|But none can outrun or equal... the power...of Whit-ta-ker?|
As promised, I'm now taking a bit of time to talk about another video game composer who was responsible for converting Jeroen Tel's superb Supremacy: Your Will Be Done or Overlord soundtrack to DOS and his name is David Whittaker.
If you're a DOS/Windows gamer like me, you probably wouldn't have heard most of David's music since he primarily worked in the 80s and early 90s on "other" PC platforms such as the Commodore 64, Atari ST, Amiga, MSX and ZX Spectrum (quite a versatile guy!). There's a very good reason for David's technical aptitude though because he started off programming games before he made the switch to focusing on music.
David was born in England in 1957 and when he was in his 20s he started to get involved in programming games and composing music on PC. Inspired by bands such as Jean Michel Jarre, Kraftwerk and 80s synth groups, they would strongly influence the music he composed.
In 1983, David's first PC game (for the Commodore 64 and MSX) was published, a Q*bert clone called Humphrey and he would follow this up with probably his most famous work, Lazy Jones in 1984. I say "famous" not because of its revolutionary gameplay (it's a game that consists of several retro games, even by 1980s standards) but probably because of the infamous, but hugely popular, 1999 dance track by Zombie Nation called "Kernkraft 400" which sampled music from the game without David's permission. Apparently Zombie Nation settled with David for an undisclosed sum but he was obviously not too impressed. However, if anything it demonstrates just how damn good his music was for it to be remixed over a decade later and to be made into a hit (at least in Europe).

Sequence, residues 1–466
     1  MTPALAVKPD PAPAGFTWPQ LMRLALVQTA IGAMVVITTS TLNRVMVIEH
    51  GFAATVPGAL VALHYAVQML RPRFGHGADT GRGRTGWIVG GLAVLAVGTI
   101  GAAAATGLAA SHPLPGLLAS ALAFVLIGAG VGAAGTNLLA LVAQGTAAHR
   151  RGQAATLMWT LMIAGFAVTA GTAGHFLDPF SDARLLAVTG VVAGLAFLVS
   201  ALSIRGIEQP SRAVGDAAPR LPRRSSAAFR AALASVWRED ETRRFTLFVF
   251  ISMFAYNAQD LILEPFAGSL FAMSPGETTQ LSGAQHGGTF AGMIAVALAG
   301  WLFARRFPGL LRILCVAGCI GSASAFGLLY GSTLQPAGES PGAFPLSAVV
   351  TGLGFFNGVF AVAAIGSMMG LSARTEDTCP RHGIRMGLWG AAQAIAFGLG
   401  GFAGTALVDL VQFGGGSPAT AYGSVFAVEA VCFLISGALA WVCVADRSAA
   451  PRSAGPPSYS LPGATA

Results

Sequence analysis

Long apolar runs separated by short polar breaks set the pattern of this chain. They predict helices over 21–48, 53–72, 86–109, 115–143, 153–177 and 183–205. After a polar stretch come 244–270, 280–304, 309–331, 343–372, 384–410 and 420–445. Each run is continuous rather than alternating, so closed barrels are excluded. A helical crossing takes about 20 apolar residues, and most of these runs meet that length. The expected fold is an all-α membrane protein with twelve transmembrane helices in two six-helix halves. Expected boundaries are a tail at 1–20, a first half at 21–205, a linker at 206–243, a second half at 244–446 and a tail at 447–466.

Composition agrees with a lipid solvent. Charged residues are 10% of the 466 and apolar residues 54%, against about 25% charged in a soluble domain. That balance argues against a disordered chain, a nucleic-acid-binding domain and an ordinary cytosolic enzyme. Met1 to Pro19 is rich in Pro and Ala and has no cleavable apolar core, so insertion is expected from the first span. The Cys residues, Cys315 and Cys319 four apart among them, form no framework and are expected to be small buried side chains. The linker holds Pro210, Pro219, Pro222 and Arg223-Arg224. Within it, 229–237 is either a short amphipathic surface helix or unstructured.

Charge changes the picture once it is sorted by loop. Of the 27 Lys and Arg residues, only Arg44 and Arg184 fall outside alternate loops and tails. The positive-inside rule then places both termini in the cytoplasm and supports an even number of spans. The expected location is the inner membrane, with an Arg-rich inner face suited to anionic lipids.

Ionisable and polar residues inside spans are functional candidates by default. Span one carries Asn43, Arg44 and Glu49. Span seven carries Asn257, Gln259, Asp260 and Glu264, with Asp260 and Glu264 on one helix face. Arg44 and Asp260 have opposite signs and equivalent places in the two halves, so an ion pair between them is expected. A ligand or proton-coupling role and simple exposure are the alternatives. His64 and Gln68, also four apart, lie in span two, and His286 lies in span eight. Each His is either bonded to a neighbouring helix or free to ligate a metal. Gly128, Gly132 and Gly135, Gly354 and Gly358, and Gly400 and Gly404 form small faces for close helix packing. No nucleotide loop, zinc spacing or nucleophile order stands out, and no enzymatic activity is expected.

David is credited with doing music or audio for well over 400 games which is a ridiculously large number, and most of these games came out in the late 80s and early 90s. Another game I didn't realise he did the music for (until now) was for 1989's Xenon 2, which I've actually played. Of course, the actual theme is from Bomb the Bass's "Megablast" but still...
David voluntarily got out of the freelance music scene in 1993 when he started working for Electronic Arts on game audio: speech and dialogue in particular. He worked there for 8 years right up until 2001. David eventually moved back to England and started working at Traveller's Tales in 2004 as Head of Audio. Since that time he's been busy working on all those Lego games the company is most famous for.
So while David isn't apparently composing any music any more, it's good to see he's still involved in the gaming industry in some shape or form - most recently he was credited as Head of Audio for 2014's LEGO The Hobbit.
And that's it from me on this Christmas Eve. I wish all my loyal readers a Merry Christmas and a Happy New Year!
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